Something Stinks at the Post Point Wastewater Treatment Plant

What’s the real story?

What’s the real story?

• Topics: Bellingham,

Something smells, but it is not just the screened sewage pouring into Bellingham Bay since early Saturday morning. A report at the City of Bellingham’s website says a “pipe failed” resulting in “significant flooding of the underground galleries and a shut down of the secondary treatment process”.

The report is grossly inaccurate. Pun intended. The photo clearly shows the failure of the anchors suspending the pipe. If the pipe had failed, it would have spilled its process contents, become much lighter and remained suspended.

Instead, the anchors obviously failed, causing the pipe to fall, buckle and spill its ‘goods’.

This strongly indicates a material specification problem with either the anchors or the concrete holding them. If the anchors were inadequate, there’s a claim against the designer or contractor. If the concrete is to blame, we we may have much more serious problems to worry about. And another claim.

Which is it?

Will taxpayers be tapped to fix a so-called failed pipe, or will the City Administration get to the bottom of the real problem and assign the liability where it truly belongs?

Related Links

About Tip Johnson

Citizen Journalist and Editor • Member since Jan 11, 2008

Tip Johnson is a longtime citizen interest advocate with a record of public achievement projects for good government and the environment. A lifelong student of government, Tip served two terms [...]

Comments by Readers

Jerry Vekved

May 12, 2017

Some cleanup (pun intended) of terminology may be in order here:

The rod-and-yoke assembly formerly hanging from the ceiling is a “hanger”.  These provide vertical support only; other support types are needed for lateral and axial support or restraint if such is needed.  

“Anchor” has several rather weighty meanings in piping, and in the photo above.  It is possible that some sort of concrete anchor was used to secure the hangers to the ceiling.  Such will consist typically of a heavy steel rod, partly or fully threaded, secured somehow to the concrete.  Means of securing these to the concrete consist of embedding when poured, or an expansion type or adhesive type installed in a drilled hole.   In piping design terms, an “anchor” provides support or restraint in the axial (parallel to pipe run) direction; an anchor may or may not provide restraint in the vertical or lateral direction, and/or restraint against rotation.  Various combinations of piping components, support devices and construction methods are used to anchor pipe.  Likewise for supporting pipe vertically and laterally.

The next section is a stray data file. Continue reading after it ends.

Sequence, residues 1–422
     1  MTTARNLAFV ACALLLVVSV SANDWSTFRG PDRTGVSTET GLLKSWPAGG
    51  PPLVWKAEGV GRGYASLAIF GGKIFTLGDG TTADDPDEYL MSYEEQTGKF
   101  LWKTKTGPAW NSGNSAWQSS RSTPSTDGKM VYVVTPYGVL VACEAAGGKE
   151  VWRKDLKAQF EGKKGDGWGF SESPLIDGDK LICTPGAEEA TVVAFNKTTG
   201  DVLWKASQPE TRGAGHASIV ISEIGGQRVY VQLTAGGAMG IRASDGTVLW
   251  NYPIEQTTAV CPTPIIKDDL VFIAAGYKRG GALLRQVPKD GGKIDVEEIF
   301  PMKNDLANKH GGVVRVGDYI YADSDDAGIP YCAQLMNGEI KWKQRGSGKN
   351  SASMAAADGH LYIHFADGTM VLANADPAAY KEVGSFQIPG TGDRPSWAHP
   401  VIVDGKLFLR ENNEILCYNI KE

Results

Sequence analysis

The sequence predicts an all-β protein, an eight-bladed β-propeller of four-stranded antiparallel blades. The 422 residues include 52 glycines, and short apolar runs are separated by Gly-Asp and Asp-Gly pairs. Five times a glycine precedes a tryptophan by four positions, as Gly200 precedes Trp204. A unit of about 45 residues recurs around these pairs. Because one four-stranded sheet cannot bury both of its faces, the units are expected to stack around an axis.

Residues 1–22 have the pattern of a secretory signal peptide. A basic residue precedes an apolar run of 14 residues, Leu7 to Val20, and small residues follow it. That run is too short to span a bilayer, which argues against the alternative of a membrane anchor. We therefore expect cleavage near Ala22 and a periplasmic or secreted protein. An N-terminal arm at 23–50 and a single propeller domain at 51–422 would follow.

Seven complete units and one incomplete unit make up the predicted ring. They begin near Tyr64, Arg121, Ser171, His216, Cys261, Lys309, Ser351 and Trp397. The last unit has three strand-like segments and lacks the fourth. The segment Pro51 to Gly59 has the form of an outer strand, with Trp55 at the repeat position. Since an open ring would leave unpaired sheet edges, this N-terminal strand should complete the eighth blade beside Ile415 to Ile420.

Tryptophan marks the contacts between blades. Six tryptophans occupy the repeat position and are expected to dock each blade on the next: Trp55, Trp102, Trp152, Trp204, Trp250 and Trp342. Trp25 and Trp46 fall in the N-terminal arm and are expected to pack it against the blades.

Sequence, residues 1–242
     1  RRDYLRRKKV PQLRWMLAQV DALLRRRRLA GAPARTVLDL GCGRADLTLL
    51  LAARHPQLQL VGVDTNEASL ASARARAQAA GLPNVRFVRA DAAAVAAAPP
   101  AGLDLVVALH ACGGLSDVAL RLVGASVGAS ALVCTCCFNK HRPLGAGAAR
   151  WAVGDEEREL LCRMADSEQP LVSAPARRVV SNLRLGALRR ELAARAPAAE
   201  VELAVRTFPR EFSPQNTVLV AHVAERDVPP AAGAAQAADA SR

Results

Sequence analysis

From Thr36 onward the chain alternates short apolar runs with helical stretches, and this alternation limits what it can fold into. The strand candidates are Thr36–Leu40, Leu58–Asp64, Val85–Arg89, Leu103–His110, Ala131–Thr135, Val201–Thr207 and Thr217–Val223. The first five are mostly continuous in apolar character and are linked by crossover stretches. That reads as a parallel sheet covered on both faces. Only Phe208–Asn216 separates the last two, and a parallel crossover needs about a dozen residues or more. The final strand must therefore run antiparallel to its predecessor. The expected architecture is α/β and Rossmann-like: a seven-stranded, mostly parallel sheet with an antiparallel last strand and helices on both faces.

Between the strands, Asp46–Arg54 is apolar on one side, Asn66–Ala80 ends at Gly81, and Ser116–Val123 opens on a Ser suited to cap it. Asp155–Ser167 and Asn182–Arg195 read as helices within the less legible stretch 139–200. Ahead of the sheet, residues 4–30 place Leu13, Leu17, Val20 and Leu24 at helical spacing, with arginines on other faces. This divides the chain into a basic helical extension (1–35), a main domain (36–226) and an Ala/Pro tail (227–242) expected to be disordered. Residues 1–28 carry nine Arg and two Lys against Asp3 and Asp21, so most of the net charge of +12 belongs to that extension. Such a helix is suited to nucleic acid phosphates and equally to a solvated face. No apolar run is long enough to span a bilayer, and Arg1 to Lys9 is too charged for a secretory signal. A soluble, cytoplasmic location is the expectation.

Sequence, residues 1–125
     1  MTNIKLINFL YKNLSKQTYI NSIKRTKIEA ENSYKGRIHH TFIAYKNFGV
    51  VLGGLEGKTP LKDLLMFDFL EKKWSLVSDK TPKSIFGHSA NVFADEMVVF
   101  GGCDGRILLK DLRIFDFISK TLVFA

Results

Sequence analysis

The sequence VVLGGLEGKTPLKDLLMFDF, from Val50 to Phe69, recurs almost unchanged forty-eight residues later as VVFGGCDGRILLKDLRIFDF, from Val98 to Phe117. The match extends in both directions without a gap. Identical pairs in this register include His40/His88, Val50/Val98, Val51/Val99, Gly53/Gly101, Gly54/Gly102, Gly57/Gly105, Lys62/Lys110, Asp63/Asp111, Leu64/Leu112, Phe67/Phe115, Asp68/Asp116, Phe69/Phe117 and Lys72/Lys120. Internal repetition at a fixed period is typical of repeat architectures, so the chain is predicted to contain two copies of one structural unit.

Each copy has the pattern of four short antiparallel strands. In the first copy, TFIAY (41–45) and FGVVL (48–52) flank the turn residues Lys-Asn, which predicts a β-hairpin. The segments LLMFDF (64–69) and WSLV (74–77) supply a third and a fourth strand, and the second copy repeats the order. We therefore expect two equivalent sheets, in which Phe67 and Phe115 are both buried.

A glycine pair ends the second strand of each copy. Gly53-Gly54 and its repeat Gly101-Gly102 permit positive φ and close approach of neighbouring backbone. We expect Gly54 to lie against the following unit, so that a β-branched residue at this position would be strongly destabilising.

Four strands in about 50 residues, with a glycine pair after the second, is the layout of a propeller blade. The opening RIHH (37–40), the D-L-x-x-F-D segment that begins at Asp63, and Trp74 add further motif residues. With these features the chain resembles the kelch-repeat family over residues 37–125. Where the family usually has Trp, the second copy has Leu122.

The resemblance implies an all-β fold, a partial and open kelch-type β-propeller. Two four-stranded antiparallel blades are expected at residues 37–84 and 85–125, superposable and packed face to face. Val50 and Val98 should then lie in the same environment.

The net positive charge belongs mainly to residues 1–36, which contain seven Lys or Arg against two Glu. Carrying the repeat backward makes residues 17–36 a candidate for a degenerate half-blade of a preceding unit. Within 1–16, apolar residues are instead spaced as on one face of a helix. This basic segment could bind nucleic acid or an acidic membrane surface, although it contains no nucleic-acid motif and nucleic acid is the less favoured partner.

One would need to know much more than what is shown in the photo and written in press releases, in order to comment on the pictured support scheme.   You assert that a “material specification problem” is indicated - that’s no more or less probable than a process design problem, an unforseen upset condition, failure of a protective system, and/or an operating error.    





Bill McCallum

May 12, 2017


I haven’t seen any discussion of the leak in the four-inch gas line that feeds the sludge incinerators at Post Point. According to city documents the leak presented the potential for a catastrophic failure of the line and a shut down of operations at the treatment plant. Is it a coincident that the accidents occurred two months apart or portends the future?



Tip Johnson

May 15, 2017

Thanks, Jerry for the more accurate hardware terminology.  However, I’ll stick with my “material specification problem” hypothesis because engineers normally specify structures to  withstand anticipated process perturbations.   The main point here is that if the “pipe” failed it would still be hanging.  Instead, the suspension system failed causing the pipe to rupture.  That’s either metal hangers, epoxy anchors as you suggest, or concrete substrate.  All materials.  The question is, whose design was insufficient?

To comment, Log In or Register